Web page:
Davenport, Iowa (Wednesday, July 21, 2010) - It has been one year since Redstone Content Solutions LLC opened its doors and introduced a new kind service offering to the Oracle technology community. In that time, Redstone's focus on Oracle Content Management, Enterprise 2.0 & Portals and Service-Oriented Architecture has proven to be successful - for employees and, more importantly, for their valued clients. Employees and their spouses will celebrate the one year anniversary with a company party on Saturday, July 24, 2010.
"We wish to extend a heartfelt "thank you" to our valued clients", comments John Klein, co-founder of Redstone. "Their unwavering trust and support make it easy to come into the office each day and give our best effort."
"We would also like to thank our friends and family who have been behind us each and every step of the way, states Jason Stortz, co-founder of Redstone. "This first year has flown by. I'm proud of what we have been able to achieve as a group; but, honestly, I'm thinking more about what we can still accomplish, new ways to improve information management for our customers."
For further information regarding enterprise content management solutions, please visit Redstone Content Solutions at www.redstonecontentsolutions.com or call John Klein at (563) 505.9998.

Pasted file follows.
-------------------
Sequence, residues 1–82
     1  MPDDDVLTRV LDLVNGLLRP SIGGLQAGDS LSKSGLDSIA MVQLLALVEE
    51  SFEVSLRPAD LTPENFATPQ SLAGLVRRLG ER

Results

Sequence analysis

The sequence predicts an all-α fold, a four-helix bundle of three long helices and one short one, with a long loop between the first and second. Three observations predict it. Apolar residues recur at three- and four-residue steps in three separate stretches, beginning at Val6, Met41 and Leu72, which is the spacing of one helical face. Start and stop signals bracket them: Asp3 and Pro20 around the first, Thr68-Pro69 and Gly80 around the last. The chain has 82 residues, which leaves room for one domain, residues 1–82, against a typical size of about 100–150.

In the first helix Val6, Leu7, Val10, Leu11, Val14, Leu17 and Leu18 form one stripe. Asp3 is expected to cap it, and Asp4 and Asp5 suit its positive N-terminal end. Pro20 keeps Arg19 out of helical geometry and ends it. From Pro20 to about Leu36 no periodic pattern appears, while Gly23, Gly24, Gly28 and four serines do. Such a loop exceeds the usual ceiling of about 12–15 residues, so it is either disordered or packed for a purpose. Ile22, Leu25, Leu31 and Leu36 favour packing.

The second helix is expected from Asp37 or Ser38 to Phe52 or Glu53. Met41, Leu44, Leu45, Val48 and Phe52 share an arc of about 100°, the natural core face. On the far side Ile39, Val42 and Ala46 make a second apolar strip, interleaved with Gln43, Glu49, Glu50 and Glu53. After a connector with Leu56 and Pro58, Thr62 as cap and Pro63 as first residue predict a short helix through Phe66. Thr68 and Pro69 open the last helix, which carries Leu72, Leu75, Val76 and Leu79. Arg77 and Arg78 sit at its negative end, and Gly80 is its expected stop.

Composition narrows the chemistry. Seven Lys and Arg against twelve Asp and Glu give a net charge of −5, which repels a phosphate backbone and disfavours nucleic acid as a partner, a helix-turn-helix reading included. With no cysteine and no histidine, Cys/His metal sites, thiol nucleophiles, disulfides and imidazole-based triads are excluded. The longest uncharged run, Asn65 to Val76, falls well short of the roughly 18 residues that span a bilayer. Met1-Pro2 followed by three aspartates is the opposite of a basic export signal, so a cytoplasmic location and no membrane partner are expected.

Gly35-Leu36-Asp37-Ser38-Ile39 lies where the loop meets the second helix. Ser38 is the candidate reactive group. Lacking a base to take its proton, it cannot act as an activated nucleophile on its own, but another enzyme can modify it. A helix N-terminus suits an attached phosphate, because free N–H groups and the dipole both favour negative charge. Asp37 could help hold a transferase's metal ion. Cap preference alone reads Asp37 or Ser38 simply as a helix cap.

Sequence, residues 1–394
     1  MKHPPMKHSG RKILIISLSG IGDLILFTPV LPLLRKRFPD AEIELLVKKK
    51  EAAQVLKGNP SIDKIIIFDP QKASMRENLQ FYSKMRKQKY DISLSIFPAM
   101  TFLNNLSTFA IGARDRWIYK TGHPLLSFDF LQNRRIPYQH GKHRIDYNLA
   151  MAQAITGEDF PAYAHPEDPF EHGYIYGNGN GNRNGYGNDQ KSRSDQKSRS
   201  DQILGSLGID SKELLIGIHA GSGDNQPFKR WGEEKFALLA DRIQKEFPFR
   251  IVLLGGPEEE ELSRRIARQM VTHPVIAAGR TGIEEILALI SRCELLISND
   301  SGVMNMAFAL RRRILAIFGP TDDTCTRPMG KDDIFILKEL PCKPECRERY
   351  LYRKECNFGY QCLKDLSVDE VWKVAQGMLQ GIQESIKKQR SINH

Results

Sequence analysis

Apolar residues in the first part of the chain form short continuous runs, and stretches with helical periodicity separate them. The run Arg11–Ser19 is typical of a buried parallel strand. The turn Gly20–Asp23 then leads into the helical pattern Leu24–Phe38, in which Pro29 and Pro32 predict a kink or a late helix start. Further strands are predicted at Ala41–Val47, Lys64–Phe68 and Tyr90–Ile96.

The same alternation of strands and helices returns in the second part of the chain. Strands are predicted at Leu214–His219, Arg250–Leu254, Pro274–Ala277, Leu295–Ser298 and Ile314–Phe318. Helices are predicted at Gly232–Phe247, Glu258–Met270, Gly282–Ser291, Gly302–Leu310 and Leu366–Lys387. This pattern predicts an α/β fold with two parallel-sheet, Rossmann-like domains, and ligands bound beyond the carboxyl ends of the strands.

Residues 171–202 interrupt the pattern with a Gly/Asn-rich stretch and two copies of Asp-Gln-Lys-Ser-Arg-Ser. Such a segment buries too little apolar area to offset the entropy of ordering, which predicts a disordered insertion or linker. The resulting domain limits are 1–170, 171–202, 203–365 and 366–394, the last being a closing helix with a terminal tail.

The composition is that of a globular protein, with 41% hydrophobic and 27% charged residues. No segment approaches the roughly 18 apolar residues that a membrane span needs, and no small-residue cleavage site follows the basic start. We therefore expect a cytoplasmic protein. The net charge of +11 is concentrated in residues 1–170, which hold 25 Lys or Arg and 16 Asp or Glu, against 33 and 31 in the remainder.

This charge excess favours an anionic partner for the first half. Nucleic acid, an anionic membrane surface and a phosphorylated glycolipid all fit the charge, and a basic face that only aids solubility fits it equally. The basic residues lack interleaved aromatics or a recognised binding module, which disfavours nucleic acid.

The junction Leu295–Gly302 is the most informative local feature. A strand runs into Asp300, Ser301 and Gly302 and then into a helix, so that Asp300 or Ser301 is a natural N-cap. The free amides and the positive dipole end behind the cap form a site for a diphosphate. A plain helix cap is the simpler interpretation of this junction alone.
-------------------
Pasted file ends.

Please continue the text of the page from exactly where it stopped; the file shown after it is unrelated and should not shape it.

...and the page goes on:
I have a theory. End Users – I’d like your opinion and feedback.
Isn’t it true that the primary reasons for requesting on-site work stem from trust-related issues and previous poor experiences? You could argue that these two reasons are related.
Let’s start with trust.
I contend that many brand new consulting engagements (client and consultant have never done business before) start with a request from the client that Phase I work be performed on-site.
I’m not talking about the facets of the project that SHOULD be done on-site (like initial scoping or requirements gathering). I’m talking about a belief that I have that you earn the right to work remotely. Clients want to “see” work being performed and project tasks being completed. Certainly there is an element of getting to know one another, but I believe its human nature to want to make sure you touch/feel/see work actually being completely.
Now, onto previous poor experiences.
Isn’t it often true that the on-site work mandate many times stems from the last engagement or two having not gone so well? The consultant said they would do “x”, but actually ended up doing “y”. Is the brand new consultant being unfairly lumped into a “poor performer” category?
What do you think?